Unless otherwise stated this review is not affiliated with any other website nor has the review been authorised by the copyright company or indiviudal author. As of 17th July 2017 this encompasses every review within ZXSR. If you would like this or any other review removed from this website, please contact the website administrator here.

Zeppelin Premier
1992
Sport: Management
£10.99
English
ZX Spectrum 48K/128K
None

Other Links


14,15
Jon Pillar
Chris Bourne

Hello readers. After last month's debacle with the Fumous Five completely taking over my review of Sleepwalke,. I've decided to make sure I appear in the review of Match Of The Day. To this end, I've asked Stuart to take Jimmy Hill off for a spot of lunch, and now, provided I can get this false chin into place (grunt) I'll be joining Des Lynam in the reviewing corner. There. Now don't give me away, will you, Spec-chums?

(As seen on TV: Des Lynam's cheekily grinning face and the amazing chin of (ahem) Jimmy Hill. The theme music fades out.)

Hello there viewers. Hello Jimmy.

(Tee hee!) Hello Des. Nice jumper.

Thanks Jimmy. So - Match Of The Day, the computer game. What's it all about?

Well Des, I'd have to say it's pretty much a management sim really. You put on the knobbly cashmere coat of the manager of a fourth division team, and over the season have to hoist them up the ladder of success while avoiding the slippery snakes of failure.

Nicely put, Jimmy, if a little obscure and not entirely football-related. So we're
talking lots of lists of numbers, then?

We-ell, yes and no Des. Y'see, this management sim is actually rather well presented. The entire affair is icon-driven and daringly devoid of BASIC. There's the bare minimum of hanging around for 'Please Wait' messages. And the lists, as you put it, of numbers are rather nicely disguised with little graphics and pointers and things.

And this Is the game here, is It?

No Des, that's another jumper. Good try though. In fact, this is the game - it's entirely devoid of jumpery substances, such as wool, or 80% polyester. It does, however, have lots and lots of icons. It's rather a clever system, you see - you sort of drag the option you want from the icon bank on the right cite screen over to a free slot in your diary on the left.

And are there any icons for jumpers?

Shut up Des. If you look at the annotated screenshot over there, you can see exactly what each icon does. But back to the game. Basically, it's very much like any other management sim - you try to put together the best side you can, arranging training sessions and buying and selling players, all the while juggling the club's books. What makes it stand out from the rest of the (incredibly large) pack is the slick presentation. Never has a management game looked so good. Except for the match highlights, which look like a badly-coloured game of pinball. And the pictures of, erm, us, which are a bit duff. I (ahem) look rather angry, and you look bald and mad. But at least you can turn the graphics off and play in the traditional manner,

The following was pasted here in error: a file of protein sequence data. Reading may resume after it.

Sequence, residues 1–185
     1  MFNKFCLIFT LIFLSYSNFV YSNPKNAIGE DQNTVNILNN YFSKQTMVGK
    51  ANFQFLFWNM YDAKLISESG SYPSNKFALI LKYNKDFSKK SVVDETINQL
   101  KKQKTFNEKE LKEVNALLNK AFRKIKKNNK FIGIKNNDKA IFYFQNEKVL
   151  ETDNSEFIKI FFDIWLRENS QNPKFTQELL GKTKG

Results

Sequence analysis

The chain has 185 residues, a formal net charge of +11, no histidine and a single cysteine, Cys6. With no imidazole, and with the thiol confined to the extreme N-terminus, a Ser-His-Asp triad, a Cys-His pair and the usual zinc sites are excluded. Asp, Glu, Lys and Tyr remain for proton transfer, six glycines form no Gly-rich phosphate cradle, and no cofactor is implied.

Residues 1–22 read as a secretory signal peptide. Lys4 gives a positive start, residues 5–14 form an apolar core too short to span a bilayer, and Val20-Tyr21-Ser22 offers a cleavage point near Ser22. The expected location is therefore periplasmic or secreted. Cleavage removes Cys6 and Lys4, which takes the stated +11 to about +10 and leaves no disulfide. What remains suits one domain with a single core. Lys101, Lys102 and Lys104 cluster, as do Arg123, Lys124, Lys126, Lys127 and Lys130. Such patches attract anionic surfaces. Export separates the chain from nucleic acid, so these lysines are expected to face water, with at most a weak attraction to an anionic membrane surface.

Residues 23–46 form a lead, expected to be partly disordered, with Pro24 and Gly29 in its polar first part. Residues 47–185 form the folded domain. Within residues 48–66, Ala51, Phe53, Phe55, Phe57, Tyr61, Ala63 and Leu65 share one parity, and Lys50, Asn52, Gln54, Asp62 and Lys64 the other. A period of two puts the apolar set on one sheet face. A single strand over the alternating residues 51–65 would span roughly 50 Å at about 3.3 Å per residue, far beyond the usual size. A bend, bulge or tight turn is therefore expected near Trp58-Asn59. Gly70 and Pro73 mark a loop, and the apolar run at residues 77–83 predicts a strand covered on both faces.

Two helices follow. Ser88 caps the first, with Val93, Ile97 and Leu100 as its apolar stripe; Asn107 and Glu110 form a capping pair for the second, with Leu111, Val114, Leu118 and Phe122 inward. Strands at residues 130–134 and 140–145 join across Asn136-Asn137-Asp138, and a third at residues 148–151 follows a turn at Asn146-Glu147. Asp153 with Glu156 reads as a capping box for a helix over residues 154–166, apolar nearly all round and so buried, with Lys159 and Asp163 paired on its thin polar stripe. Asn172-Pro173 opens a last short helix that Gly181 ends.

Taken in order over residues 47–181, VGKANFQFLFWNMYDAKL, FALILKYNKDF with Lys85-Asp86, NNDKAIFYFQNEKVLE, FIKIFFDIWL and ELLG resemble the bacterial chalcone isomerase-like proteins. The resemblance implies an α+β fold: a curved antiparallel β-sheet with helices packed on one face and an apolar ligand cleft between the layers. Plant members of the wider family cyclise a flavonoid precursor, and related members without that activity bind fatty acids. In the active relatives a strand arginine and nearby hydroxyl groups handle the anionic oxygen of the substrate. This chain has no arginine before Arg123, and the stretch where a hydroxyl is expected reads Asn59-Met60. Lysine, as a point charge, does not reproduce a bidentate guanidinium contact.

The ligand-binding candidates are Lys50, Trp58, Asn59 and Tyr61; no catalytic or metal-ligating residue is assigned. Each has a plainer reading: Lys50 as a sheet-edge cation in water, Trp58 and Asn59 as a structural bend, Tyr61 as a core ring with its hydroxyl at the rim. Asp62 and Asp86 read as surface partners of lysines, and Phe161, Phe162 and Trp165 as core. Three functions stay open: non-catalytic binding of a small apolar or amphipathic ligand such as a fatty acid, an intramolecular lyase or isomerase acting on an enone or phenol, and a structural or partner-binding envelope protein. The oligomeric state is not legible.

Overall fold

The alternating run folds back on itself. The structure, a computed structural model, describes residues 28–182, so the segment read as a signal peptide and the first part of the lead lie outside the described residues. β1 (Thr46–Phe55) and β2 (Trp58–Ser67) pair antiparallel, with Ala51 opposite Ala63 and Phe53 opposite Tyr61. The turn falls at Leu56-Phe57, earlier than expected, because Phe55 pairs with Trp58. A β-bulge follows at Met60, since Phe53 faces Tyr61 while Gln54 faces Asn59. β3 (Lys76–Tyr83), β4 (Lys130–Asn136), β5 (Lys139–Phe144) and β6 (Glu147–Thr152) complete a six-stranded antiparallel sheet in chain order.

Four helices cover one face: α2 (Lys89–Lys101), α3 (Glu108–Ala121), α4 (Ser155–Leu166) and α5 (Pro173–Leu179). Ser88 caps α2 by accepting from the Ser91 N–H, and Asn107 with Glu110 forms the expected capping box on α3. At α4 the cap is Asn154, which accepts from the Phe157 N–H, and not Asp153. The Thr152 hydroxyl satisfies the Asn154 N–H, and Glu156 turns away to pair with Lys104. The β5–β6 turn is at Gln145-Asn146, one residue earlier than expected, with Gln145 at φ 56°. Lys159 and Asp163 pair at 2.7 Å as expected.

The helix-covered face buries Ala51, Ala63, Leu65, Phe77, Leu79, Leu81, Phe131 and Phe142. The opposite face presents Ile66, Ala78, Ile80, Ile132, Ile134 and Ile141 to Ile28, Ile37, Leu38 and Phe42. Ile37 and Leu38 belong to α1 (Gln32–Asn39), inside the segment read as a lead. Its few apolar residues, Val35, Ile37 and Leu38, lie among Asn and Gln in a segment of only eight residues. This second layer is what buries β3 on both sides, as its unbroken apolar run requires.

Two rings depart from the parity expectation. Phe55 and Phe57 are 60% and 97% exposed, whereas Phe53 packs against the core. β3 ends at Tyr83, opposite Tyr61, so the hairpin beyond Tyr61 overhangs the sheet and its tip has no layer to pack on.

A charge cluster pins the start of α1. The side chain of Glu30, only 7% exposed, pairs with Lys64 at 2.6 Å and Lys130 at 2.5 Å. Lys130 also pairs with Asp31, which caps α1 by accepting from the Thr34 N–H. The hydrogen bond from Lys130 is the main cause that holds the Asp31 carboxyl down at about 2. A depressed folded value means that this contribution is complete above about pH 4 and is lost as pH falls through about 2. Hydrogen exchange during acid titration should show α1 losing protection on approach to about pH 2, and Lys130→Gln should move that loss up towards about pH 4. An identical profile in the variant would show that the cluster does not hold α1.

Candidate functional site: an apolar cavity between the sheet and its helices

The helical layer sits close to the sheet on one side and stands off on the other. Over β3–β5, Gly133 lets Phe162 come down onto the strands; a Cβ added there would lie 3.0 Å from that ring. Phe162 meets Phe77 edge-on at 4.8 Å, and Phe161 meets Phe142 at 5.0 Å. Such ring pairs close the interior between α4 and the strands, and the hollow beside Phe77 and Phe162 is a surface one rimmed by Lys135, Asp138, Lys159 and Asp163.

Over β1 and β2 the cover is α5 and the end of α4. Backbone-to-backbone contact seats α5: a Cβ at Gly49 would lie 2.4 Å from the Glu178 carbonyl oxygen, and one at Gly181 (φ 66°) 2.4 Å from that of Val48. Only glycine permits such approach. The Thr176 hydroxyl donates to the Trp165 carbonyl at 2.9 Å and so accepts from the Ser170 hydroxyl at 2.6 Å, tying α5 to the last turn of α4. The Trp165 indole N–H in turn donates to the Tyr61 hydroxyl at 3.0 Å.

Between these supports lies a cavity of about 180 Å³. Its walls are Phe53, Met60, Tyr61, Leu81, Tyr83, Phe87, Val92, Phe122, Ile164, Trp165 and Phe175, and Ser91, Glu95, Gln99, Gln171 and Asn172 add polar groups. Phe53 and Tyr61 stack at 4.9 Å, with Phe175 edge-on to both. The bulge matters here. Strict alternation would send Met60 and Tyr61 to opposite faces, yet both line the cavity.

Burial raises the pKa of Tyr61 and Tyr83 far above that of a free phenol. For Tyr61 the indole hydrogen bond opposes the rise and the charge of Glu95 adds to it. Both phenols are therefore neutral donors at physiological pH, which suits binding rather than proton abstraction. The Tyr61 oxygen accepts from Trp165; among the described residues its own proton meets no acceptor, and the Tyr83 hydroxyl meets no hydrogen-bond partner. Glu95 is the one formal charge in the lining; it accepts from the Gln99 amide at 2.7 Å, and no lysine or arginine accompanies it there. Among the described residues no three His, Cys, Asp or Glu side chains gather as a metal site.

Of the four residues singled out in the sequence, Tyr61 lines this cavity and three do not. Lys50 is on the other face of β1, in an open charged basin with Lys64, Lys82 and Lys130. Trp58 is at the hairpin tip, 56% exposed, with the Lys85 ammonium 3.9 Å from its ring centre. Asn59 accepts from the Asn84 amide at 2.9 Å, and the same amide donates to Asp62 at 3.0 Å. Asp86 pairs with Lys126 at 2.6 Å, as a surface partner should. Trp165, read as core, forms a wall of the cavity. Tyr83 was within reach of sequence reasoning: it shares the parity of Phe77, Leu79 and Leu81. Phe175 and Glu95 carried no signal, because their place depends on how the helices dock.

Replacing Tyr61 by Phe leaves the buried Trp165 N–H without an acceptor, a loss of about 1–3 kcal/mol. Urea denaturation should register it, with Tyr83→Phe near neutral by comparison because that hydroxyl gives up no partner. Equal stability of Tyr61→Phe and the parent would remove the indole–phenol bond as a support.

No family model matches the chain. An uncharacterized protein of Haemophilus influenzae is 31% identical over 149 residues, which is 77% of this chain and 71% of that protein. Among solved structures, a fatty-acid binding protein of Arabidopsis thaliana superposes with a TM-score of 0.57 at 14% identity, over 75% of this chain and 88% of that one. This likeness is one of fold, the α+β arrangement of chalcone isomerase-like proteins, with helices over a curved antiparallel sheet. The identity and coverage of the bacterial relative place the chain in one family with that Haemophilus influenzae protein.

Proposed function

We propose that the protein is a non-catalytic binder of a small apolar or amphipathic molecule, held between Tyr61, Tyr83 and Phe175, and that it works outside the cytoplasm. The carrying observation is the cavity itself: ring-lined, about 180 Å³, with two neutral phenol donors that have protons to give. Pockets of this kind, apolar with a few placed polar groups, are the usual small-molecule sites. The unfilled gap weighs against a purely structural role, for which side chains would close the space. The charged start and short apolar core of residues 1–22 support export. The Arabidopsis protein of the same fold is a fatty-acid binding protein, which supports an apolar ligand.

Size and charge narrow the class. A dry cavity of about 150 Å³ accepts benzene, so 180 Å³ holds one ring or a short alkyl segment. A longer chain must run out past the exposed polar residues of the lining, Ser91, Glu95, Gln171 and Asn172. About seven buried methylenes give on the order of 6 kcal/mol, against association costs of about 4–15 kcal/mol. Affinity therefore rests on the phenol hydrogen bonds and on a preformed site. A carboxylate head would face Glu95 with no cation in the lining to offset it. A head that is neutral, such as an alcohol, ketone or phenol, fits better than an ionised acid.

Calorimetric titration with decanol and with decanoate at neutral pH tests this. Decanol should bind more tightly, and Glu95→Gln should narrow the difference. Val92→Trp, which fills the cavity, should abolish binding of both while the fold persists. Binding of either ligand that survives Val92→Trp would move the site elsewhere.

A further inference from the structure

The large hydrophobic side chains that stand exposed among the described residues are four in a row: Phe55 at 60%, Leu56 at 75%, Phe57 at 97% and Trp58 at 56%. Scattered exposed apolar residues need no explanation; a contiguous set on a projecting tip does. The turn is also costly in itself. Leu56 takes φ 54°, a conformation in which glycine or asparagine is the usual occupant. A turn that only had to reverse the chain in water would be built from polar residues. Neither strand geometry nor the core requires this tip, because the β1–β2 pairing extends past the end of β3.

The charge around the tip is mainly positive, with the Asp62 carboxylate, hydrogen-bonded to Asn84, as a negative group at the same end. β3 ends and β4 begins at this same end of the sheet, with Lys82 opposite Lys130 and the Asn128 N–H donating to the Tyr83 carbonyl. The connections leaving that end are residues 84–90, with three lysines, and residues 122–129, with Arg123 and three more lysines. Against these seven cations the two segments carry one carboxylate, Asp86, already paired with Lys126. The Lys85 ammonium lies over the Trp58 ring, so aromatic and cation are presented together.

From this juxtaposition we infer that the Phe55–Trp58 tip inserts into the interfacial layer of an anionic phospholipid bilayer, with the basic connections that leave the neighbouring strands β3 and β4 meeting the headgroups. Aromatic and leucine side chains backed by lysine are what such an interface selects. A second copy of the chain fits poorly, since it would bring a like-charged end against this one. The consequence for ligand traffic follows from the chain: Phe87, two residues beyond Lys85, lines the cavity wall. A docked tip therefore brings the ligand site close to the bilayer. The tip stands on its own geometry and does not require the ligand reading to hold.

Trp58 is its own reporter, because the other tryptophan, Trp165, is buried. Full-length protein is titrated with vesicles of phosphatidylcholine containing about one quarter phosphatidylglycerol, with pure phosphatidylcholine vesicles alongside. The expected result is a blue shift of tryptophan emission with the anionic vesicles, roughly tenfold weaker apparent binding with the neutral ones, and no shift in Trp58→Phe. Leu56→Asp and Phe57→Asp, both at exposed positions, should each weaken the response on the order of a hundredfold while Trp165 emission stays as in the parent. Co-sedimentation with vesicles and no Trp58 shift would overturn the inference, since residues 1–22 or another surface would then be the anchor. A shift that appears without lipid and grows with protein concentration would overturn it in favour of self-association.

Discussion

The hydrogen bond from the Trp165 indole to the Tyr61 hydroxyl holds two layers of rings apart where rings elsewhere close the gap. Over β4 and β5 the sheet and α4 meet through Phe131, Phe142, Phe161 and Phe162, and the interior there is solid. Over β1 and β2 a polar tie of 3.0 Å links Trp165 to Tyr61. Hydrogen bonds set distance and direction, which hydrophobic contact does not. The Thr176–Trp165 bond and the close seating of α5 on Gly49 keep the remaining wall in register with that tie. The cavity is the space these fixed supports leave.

I have to say, Jimmy, that I disagree with you over the presentation being the only thing that makes the game stand out. The gameplay has lots of subtle touches. For example, your players are apt to get a bit shirty if you don't recognise their footy talents and insist on playing them in entirely the wrong positions, and their performance suffers as a result. For another, there are loads of scouts, physios and trainers, and the cheaper but less reputable chaps are apt to make a mess of things. Sort of gets you deeply involved with the team and adds a lot to the game.

Hang on, what's going on? That's not Des Lynam-speak.

Well I have to admit, Jimbo. that I'm not Des Lynam at all. I am in fact, Rory Bremner, humorous impressionist, Speccy enthusiast and all-round family entertainer.

Erm, I've got a confession as well. I'm actually Jon from Your Sinclair. What a turn-up, eh? Tsk. And we need a big ending for the review. Tradition demands a sort of big payoff line to the whole thing. Oh, hello Stuart.

I couldn't stand it any more, I just had to hit Jimmy Hill several times with a very big stick.

You scamp.

That'll do nicely.

Uppers: It's extremely well presented and very easy to get into. The gameplay delivers the requisite tonnes of options, and (gasp) it's a lot of fun. Downers: The highlights really are appalling. Despite the glossy front-end, novices may find the game a bit of a hard slog. It's a management sim for the masses. And it's rather fine!

82%

Screenshot Text

Those amazing match highlights in full. Ugh. What do you think of them, Des? 'Well, they don't feature many jumpers, that's for sure.' Thank you, Des. (Clot.)

1. Select your team players.

2. Visit the resident physio.

3. Strike a cunning deal.

4. Bring in the trainer! (Basically.)

5. Do a little scouting (ie, spying).

6. League matches this week.

7. Those nasty old finances.

8. The dread league table. (Eek!)

9. The upcoming fixtures.

10. Save/load your position.

11. Match highlights on/off.

12. Lots of credits for the game.